The increase in sprinkler use has been accompanied by questions concerning their impact on community water supply systems. Those systems are an integral part of American life, with more than 280 million Americans relying on them for water in their homes. Like any other part of our country’s infrastructure, though, these systems are facing many challenges as they age, and as the communities they serve change over time. The main issues communities currently face in managing their water supplies boil down to water quality and maintaining an adequate water supply. More specifically, do all those sprinklers pose a threat to our water supply?
To get a better understanding of how communities are dealing with these issues, and to learn what kind of impact residential sprinklers actually have on local water supplies, NFPA sponsored a just-completed research study titled "Integration of Residential Sprinklers with Water Supply Systems" (PDF, 842 KB). The study, conducted by Maryland-based Newport Partners, surveyed a mix of building department, fire service, and water provider staff in 20 U.S. communities. Each community already has a residential sprinkler ordinance for all new single-family homes that took effect subsequent to 1999, so they have recent experience implementing home fire sprinklers on a wide scale for the first time. The survey questions were based on a literature review of the topic, and covered items such as whether it’s required to meter the water flow to the sprinkler system, the magnitude of any cost impacts from larger meters or tapping fees, and inspection requirements for backflow prevention devices.
The survey is especially timely considering NFPA’s nationwide advocacy of residential sprinklers, and also considering the arguments employed by sprinkler opponents. When a major new system is introduced to homebuilding, after all, it can cause a significant ripple effect. These ripples often come in the form of how to integrate the new building system, which impacts builders, contractors, local building departments, designers, and manufacturers. In the case of home fire sprinklers, a major area of concern has been the integration of sprinklers with the public water supply. This integration concerns builders, fueled in part by horror stories of water utilities requiring them to use larger water meters, which builders say can add to the cost of constructing a home. It also concerns the fire service, which needs to know that sprinklers will be adequately designed so they work when they need to. And it concerns local water suppliers, who need to figure out how these systems should connect to their supply network in a way that avoids adverse effects on their system and operations.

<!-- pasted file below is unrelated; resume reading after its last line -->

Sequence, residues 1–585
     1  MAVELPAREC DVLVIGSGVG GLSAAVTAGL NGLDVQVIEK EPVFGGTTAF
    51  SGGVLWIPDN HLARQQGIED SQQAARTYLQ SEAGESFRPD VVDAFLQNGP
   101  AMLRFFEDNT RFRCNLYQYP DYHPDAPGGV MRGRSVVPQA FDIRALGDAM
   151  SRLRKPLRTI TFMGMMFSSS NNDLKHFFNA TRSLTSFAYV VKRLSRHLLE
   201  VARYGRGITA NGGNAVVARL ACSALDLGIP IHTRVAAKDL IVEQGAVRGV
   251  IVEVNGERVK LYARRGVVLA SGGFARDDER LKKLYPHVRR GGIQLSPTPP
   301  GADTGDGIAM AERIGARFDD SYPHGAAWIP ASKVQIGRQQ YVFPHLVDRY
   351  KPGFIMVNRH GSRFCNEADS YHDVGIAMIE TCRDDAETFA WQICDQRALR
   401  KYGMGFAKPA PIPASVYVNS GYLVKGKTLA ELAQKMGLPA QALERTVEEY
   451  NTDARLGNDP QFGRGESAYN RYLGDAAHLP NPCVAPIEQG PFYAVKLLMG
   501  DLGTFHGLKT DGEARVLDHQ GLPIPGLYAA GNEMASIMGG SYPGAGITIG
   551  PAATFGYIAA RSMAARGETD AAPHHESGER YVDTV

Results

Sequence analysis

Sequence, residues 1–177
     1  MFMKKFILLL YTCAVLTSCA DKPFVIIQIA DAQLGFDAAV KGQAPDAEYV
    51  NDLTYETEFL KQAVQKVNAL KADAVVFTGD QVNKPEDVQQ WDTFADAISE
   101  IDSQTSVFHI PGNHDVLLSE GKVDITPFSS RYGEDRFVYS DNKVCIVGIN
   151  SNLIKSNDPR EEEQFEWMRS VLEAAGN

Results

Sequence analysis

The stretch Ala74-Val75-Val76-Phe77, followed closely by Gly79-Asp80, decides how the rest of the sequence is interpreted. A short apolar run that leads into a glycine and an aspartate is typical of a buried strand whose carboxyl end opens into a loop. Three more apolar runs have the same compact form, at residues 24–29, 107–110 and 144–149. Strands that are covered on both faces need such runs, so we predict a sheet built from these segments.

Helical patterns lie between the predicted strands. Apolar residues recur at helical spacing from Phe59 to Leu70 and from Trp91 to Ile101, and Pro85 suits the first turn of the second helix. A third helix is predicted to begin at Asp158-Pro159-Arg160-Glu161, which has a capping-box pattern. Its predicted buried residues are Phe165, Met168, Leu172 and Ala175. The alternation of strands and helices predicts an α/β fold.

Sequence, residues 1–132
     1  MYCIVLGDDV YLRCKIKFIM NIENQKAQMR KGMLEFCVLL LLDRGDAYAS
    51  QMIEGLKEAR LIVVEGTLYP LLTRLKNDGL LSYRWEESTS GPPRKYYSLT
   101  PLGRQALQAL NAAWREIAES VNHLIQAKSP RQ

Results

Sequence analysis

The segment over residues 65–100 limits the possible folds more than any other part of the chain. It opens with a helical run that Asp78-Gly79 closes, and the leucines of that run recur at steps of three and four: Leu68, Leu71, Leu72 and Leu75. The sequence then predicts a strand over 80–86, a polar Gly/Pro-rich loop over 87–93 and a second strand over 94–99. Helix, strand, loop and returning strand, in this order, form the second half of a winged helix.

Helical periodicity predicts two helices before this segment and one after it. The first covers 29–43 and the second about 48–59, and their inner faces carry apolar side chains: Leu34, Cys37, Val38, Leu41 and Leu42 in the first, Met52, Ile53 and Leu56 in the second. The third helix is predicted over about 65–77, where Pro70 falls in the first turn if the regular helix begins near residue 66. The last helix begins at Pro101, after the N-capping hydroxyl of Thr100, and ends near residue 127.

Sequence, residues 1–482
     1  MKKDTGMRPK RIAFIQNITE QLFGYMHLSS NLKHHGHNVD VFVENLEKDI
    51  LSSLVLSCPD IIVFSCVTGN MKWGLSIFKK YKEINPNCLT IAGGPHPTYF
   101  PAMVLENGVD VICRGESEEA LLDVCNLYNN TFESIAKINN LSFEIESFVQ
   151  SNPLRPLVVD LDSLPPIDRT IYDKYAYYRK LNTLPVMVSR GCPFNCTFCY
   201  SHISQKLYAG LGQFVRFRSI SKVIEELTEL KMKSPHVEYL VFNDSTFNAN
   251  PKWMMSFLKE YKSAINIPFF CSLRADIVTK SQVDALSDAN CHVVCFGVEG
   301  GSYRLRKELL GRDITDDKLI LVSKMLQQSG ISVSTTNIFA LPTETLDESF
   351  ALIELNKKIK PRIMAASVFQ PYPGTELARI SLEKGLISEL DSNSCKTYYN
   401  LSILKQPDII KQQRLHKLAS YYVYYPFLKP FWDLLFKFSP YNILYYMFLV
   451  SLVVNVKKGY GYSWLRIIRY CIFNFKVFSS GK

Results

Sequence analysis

Based on the survey/interview results, the communities studied have developed practical solutions for sprinkler integration with the water supply system. While sprinklers are still a fairly recent development for these communities, water supply integration requirements have been put into place, and there are no examples of insurmountable problems or issues. In fact, neither design problems nor significant added costs have resulted from water supply integration issues in most communities. Water suppliers, building departments, and fire services have developed workable approaches to accommodate residential sprinklers, creating safer communities while maintaining the local water supply.